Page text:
The Lindsell Train trust has been bolstered by its investment in the fund house of the same name after the asset manager’s valuation jumped by nearly a quarter.
Half yearly results for the trust, published today (December 1), show its net asset value jumped 21 per cent in the six months to September, while its share price return increased by 13 per cent.
According to chairman Julian Cazalet, the most significant contribution to the trust’s success was its backing of the Lindsell Train fund house, which accounts for nearly half of the trust’s assets.
The value of Lindsell Train jumped 24.5 per cent in the six months to September, up from its low point at the start of the coronavirus crisis.
Mr Cazalet said this reflected Lindsell Train’s growth in funds under management, primarily due to positive market movements alongside net inflows.
In March, the company had written down the value of its funds business when the pandemic saw its assets dwindle by £4.5bn.
Latest inflows came primarily from US investors, who pumped more than £300m into the Delaware-based Global Equity fund, while the firm’s Japanese strategy also grew by 30 per cent.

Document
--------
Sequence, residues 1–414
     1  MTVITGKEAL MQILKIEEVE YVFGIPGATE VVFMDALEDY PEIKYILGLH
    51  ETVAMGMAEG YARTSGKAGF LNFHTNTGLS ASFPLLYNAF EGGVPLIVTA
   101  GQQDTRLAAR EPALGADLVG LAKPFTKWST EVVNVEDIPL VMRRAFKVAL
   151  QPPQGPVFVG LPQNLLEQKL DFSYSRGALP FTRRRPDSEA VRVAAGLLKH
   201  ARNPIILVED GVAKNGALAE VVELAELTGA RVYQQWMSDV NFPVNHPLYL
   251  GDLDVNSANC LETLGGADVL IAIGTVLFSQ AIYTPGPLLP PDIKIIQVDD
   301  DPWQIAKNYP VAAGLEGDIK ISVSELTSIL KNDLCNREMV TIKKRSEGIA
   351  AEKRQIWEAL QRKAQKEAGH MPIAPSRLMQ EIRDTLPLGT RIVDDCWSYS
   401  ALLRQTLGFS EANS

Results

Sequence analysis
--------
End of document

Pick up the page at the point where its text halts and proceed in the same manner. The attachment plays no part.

Mr Cazalet added: “Lindsell Train’s long term performance remains competitive even though over the last six months other equity investors – particularly those with high weightings in technology companies – will have done better.”
World stock markets recovered strongly over the six months to September, after dropping dramatically in March as the full extent of the coronavirus crisis came to light.
The Lindsell Train investment trust struggled to keep up with markets in this time period, with the MSCI World Index up 24 per cent in sterling terms compared to the trust’s 21 per cent.
According to Nick Train, manager of the trust and co-founder of Lindsell Train, the worst fallers in the trust’s portfolio were drinks companies Laurent Perrier and Heineken, down 5 and 4 per cent respectively.
But the trust’s winners, including the Finsbury Growth and Income trust, PayPal, the London Stock Exchange, Nintendo and Unilever, saw double digit growth over the six month period.
Mr Train said: “Clearly, those companies with a digital growth story that can demonstrate that the pandemic has positively acted as an accelerant for their business have done best.
“Covid has actually helped PayPal and Nintendo. We have been fortunate that investors perceive our biggest direct equity holding, the LSE, as belonging to this favoured category.”
He added that it was an “unpleasant” surprise that the trust’s beverage companies had not been able to grow in 2020, or to protect short-term stock market value, despite being considered “defensive” stocks.
Mr Train said he had incorrectly expected this to be the same amid the recent market crashes.
Looking forward, the challenge for equity investors was deciphering if they had enough exposure to the “bull market stocks” of the pandemic, the “digital winners”.